Tactile Technologies is a curriculum product that introduces learners to 3D printing technologies and accessibility principles. Modules and interactive, in-person workshops help learners gain the skills needed to transform visual media into a 3D learning experience.
Participants choose their media (usually a children's book), adapt the story into 3D, design/edit 3D models, and create a tactile product. Tactile Technologies updated an aging curriculum and offered a new, project-based learning experience for practicing accessibility in educational environments.
Mobilizing Paris is an interactive mobile app that teaches people the history of power and protest in Paris, France. The app guides users through the streets of Paris and uses augmented reality to digitally (re)place historic images and protest posters. As a result, the app helps learners understand how art, architecture, and city design shapes the mobility of people and protest.
Mobilizing Paris uses art to map movements and also serves as a prototype for what I call educational A.R.T. (Augmented Reality Tours). Mobilizing Paris was developed in partnership with the Sorbonne and The Bibliotheque national de France.
Role: Designer, Grant Writer
Responsibilities: Research, Information Architecture, LX Design, eLearning Development, Prototyping, Grant Writing, Narration, User Testing, Evaluation
Audience: Adults in Paris, France, Mobility and Design Scholars
Tools Used: Adobe Illustrator, Photoshop, Premier Pro, HP Reveal, Carto
In May 1968, over 11 million people marched through Paris pasting posters and spraying Marxist graffiti to protest unfair labor conditions and capitalist ideology. The iconic posters ignited the public and wrote a script for resistance in the city streets. Buildings, bridges, and avenues became art galleries that guided protest and people movements.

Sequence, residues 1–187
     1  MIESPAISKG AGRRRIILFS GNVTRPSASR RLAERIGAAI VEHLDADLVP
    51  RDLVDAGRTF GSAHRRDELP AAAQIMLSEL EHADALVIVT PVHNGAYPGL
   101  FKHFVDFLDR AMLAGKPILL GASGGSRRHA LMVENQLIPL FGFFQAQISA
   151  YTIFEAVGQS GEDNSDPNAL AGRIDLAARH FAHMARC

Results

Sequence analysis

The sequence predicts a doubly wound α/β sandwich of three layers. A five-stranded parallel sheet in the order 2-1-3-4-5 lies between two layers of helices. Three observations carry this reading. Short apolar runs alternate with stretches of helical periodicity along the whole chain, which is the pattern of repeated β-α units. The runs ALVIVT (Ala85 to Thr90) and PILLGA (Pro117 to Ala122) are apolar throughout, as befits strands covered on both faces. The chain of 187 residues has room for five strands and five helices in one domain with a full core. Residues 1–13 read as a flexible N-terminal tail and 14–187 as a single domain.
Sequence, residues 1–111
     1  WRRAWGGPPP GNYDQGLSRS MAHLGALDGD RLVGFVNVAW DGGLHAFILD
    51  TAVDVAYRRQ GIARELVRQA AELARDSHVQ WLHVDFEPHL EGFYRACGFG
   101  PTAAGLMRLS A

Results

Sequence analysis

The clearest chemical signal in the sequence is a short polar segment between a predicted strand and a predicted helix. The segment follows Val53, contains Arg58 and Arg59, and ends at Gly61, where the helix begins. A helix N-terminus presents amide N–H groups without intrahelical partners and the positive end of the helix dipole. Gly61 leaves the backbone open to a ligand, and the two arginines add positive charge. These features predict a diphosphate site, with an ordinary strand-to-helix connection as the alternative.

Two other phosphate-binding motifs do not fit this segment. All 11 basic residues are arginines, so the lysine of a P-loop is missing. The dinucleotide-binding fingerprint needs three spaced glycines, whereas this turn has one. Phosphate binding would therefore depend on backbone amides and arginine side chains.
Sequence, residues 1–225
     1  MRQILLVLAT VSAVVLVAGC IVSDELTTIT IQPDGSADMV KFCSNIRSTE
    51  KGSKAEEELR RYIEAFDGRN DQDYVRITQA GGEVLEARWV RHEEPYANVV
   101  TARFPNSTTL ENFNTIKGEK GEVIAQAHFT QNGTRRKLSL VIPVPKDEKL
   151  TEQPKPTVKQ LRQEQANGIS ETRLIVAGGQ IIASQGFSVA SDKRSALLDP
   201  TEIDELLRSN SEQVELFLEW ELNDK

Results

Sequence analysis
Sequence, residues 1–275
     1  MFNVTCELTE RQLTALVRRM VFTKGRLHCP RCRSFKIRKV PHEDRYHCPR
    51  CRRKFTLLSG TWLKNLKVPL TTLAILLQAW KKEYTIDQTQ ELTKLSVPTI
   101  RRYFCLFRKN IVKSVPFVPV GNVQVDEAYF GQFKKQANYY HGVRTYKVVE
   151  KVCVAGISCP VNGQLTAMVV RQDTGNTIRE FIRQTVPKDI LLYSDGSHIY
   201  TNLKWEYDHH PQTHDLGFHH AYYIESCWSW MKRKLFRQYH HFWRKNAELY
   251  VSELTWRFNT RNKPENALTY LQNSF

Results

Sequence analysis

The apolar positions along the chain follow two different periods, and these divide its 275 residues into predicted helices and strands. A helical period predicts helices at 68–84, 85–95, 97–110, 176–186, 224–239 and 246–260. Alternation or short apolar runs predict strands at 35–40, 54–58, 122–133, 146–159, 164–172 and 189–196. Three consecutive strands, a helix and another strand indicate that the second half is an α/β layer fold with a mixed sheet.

While the architecture of Paris remains, the iconic posters have moved from city streets to archives and private collections. The once powerful history has been erased in favor of modern amenities. Historic plaques and markers rarely mention the protest movements and minority voices that shaped the city.
Mobilizing P(AR)IS uses augmented reality to reveal hidden histories. Using GPS and a clickable map, the app guides users to sites of protest and projects archival photos and video through digital overlays. Through an audio narration and AR prompts, learners participate in an interactive history lesson that interfaces with the city streets.
Since the app operates on a European network, the prototypes were developed on site and additional web interfaces help learners access content. The design features minimal text and instead uses icons and images to reduce language barriers. Through the self-guided tour, learners can access historic moments and movements as they walk through the city streets.
The Mobilizing Paris web interface features a downloadable google map that highlights the augmented reality points of interest. Users can follow the map to retrace protest routes, access AR overlays, and learn more about the graffiti and art that inspired people to take to the streets.
Augmented reality trigger points are physical sites that prompt a digital pop-up. Trigger points can be visual or GPS based. Mobilizing Paris includes iconic visual landmarks as well as everyday street signs, historic statues, store fronts, and Wallace Fountains. The tour prioritizes accessibility and moves learners to 34 locations across central Paris.
Digital overlays pop-up and reveal the hidden history of protest in Paris. Overlays feature protest signs and graffiti from May 1968 as well as historic photos and archival materials. The tour amplifies marginalized voices so that learners can experience multiple layers of history and (through their own movements) analyze how city design influences mobility.